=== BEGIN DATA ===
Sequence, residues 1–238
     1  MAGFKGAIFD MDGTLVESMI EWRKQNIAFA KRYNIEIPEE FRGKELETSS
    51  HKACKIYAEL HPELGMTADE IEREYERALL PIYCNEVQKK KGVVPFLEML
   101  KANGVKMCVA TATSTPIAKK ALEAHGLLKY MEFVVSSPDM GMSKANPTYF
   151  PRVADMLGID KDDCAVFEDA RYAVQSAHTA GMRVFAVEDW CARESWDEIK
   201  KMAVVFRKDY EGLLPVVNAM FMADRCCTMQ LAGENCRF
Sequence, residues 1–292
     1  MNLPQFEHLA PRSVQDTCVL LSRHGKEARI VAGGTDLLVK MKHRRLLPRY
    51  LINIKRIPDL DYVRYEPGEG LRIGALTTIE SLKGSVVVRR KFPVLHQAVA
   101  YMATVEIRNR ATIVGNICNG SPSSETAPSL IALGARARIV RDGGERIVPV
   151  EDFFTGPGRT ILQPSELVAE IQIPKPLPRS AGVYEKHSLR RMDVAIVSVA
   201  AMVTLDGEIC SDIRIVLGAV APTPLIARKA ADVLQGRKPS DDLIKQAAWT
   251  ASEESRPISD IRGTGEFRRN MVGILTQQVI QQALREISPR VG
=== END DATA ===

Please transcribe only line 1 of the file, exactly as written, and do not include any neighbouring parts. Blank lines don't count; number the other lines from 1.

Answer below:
Sequence, residues 1–238